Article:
Takahashi: I was so happy that Ichiro Yamaguchi from Sakanaction and the other musicians gave me responses like “they are interesting” early in my career. To my surprise, two months after I started drawing, I received an e-mail request saying “I want you to draw something for me officially”.
——What are you paying attention for when drawing?
Takahashi: To draw something with love. I collect various photographs and draw sketches, wondering how I can make them look as much like the subject as possible. It may sound mysterious, but if I put my love into it, I can draw it well. I sprinkle my illustrations with elements that can be associated with the subject, such as a certain motif, music, or theme. Apart from that, it would be nice to draw something, dreaming of me receiving an official request from the subject I am working on. (laughs).
Requests from musicians I’ve loved and listened to
——Do you remember the first official offer from the musician?
Takahashi: That was from Jim O’Rourke. Instead of asking me to create a new work for him, he asked me if he could use the illustration I had drawn. He used the illustration for the sticker which was to be given out to the audiences at the venue of the concert held at the end of 2013. Personally, I’ve always liked Jim O’Rourke, so I was very happy and couldn’t really believe what had happened.
Next, in 2014, I was asked to draw an illustration for a bookmark by a bookstore called “Book Union” in Shinjuku. Under the theme of “collectible bookmarks,” I was able to draw my favorite musicians every month. I mainly drew portraits of Western musicians. It was fun every month.
——I see. You also draw illustrations for CD jackets, right?
Takahashi: At first, a rock band called Deerhoof in the United States used my work for the jacket of their live album “FEVER 121614” released in October 2015. Originally, I drew it for a novelty sticker, but the members liked it so much that I was told, “We are going to release a live CD soon, so can we use it for that jacket?” It was released on vinyl overseas, and people all over the world uploaded photos of it on SNS. I’ve loved music since I was a kid, and I had a dream of becoming a designer of jackets of CDs and records, but I couldn’t make my dream happen after all. However, it was a moment when my dreams came true in an unexpected way, thanks to the illustrations I drew just for fun.
——It’s a very good story that your dream came true in an unexpected way. Have you received many offers since then?
Takahashi: Yes. Thankfully, there have been continuous requests from the musicians including Kenta Maeno, Awesome City Club, and Macaroni Empitsu. When it comes to novelty sticker for those who bought CDs, I drew quite a lot of works for musicians. I remember the 20th anniversary concert of KIRINJI’s major debut in 2018, where I drew illustrations for the goods of KIRINJI and Yasuyuki Horigome. I’ve been listening to KIRINJI since I was a student, so I was really surprised when I received the request. Recently, I was allowed to draw a CD jacket for Gerogerigegege *, and Denki Groove’s Takkyu Ishino introduced that CD on Tiwtter. Although indirectly, I was really impressed by the fact that my favorite musician Takkyu Ishino introduced my work.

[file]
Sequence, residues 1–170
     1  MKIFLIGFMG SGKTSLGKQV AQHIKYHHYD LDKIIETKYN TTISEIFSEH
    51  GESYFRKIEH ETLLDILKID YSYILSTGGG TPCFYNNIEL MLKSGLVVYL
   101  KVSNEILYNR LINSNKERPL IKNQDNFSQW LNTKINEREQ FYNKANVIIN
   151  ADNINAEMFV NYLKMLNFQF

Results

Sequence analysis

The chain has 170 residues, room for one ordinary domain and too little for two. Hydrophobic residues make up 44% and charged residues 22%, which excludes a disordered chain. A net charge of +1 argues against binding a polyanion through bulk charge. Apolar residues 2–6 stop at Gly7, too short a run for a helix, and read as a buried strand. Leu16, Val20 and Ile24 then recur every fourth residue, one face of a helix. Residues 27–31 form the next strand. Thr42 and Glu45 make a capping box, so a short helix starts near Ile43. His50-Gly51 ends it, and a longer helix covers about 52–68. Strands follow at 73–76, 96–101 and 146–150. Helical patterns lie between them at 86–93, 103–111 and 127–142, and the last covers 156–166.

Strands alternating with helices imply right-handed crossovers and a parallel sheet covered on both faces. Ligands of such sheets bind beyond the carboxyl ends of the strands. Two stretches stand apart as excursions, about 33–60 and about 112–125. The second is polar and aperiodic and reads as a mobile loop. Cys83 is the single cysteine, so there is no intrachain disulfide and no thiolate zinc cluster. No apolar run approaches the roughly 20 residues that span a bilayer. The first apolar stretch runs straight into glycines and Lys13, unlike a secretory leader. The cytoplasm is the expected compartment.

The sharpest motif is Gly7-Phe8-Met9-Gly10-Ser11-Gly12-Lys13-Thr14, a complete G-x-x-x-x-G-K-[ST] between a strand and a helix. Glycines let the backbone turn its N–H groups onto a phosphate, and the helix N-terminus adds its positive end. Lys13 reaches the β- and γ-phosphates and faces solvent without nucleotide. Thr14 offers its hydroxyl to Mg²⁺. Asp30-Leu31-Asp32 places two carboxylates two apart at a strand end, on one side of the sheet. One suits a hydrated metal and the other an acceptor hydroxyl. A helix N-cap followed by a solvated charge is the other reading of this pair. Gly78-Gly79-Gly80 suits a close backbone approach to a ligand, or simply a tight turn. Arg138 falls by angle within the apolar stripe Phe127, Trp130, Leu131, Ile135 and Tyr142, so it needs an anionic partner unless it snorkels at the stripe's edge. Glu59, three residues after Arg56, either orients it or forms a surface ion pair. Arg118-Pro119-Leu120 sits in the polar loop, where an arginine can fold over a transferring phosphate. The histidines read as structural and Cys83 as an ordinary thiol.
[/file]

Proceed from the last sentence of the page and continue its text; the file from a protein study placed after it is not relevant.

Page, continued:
——Your illustrations seem to appeal to musicians outside the country as well.
Takahashi: In addition to Deerhoof, I was commissioned to draw works for novelty stickers for Japanese edition of CDs of Kamasi Washington and Thundercat. Since I had loved them so much, I was honored to be involved in this way.
I was blessed with the opportunity to officially draw an illustration of Luc Ferrari * for 90th anniversary of his birth. In this context, it seems that Sonic Youth’s Thurston Moore saw my work. I was very happy with that too.
——What is your favorite one among all your works?
Takahashi: What I like the most are the works for “Konya Ha a boogie back”. This song has two versions: an Kenji Ozawa’s version and a Scha Dara Parr’s version. So I drew illustrations for both versions with respect. This song was released on my birthday, March 9th, and I thought I’d draw something sick for a special anniversary. This took about a week, but I had a lot of fun drawing them.
——What about your future activities?
Takahashi: At the beginning of 2020, I had a lot of plans, but all the events were canceled due to the corona pandemic. I can’t make it public yet, but I have a lot of ideas that I’m preparing for. So I’d like to participate in exhibitions and events again when the current situation calms down. So I want to talk a lot about music with visitors (laughs).